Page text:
So the first of those questions is simply well what are my options, what are the things that I need to understand, what are the advantages and disadvantages of those options? The second question then tends to be OK how do I work out what’s absolutely right for me? The third question then tends to be well OK, but how can I implement it? Can I do that in the workplace, do I need to go down the high street, could I go on the internet, how do I do that? And then the fourth issue, which I think is one that hasn’t really been thought about too much until more recently, is ongoing support for those people. Because of course now under the new regulation the decision you make on the day that you retire is not necessarily going to be the right decision to last you 25 years or whatever it might be in retirement. So there’s four key questions really that the employer and the trustee really need to consider.
PRESENTER: So how do you engage employees around pensions and lifetime savings?
JONATHAN WATTS-LAY: So I think to really answer those four questions, so that first question about well how do I know as an individual what my options are, really it’s putting in place education, it’s putting in place guidance. I think a lot of firms that are if you like at the leading edge of this now are putting in education programmes for those that are still employed by the organisation. But then of course the trustees have to think about those that are still in the scheme but they’re deferred members. So they might have left the organisation a number of years ago, and so there’s more, they’re more likely to put guidance in place for those, which can be done over the telephone.
I think the second question in terms of how people actually work out what’s right for them. We’re seeing that regulated advice is becoming more important. And it’s quite interesting actually the interaction between that step one or that first question and that question. Because those people that go through an education and guidance process generally speaking about 70% of them say I think I need regulated advice. So it’s quite an interesting dynamic because it’s almost that issue around if I don’t know what I don’t know then I won’t take advice. When I actually have some information through education, through guidance, then actually I realise I need advice.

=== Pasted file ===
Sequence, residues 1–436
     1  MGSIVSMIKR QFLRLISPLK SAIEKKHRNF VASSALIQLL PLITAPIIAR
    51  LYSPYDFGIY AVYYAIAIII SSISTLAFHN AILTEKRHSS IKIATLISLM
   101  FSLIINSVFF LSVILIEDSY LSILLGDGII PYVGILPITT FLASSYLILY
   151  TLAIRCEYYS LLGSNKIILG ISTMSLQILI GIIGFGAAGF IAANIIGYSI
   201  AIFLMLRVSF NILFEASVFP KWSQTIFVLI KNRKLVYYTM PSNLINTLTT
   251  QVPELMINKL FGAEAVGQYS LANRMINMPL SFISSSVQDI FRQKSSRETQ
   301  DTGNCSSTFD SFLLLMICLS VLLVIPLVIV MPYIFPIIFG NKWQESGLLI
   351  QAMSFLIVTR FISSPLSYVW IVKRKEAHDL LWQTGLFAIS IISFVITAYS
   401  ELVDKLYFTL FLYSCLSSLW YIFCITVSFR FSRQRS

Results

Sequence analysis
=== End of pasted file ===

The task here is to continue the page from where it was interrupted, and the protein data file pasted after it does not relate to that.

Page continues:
PRESENTER: And finally what would you say are the biggest challenges that employers, trustees and employees face over the next 12 months?
JONATHAN WATTS-LAY: I think it’s really making sure they don’t get behind the curve now. So we’ve seen, particularly in the last year we’ve seen a lot of particularly the larger companies and trustee schemes actually going out to tender to buy in these sorts of services. And what they’re realising is of course they have the power to get highly negotiated rates. Now, they may not want to pay those rates themselves. They might want the employee or the member to pay because there could be ongoing costs throughout retirement. But of course what they’ve been able to do is do the due diligence, making sure the service provider they’re getting in ticks all the right boxes, and making sure that they get preferential rates effectively on behalf of their members.
So you end up thinking there’s a real win-win here, where the employer/trustee can use that buying power, but they don’t ultimately have to pay for it themselves, and then the member or the employee can take advantage of that and effectively get a certain amount of protection as they go through retirement. So I think more of that’s happening, I mean there’s live tenders out right now on this sort of stuff. So I think the real danger is that if firms don’t step up there’s going to be almost like a two-tier structure where some are offering fantastic retirement services to their employees and members, and others haven’t really got off the starting block.
PRESENTER: Jonathan, thank you.
JONATHAN WATTS-LAY: Thank you.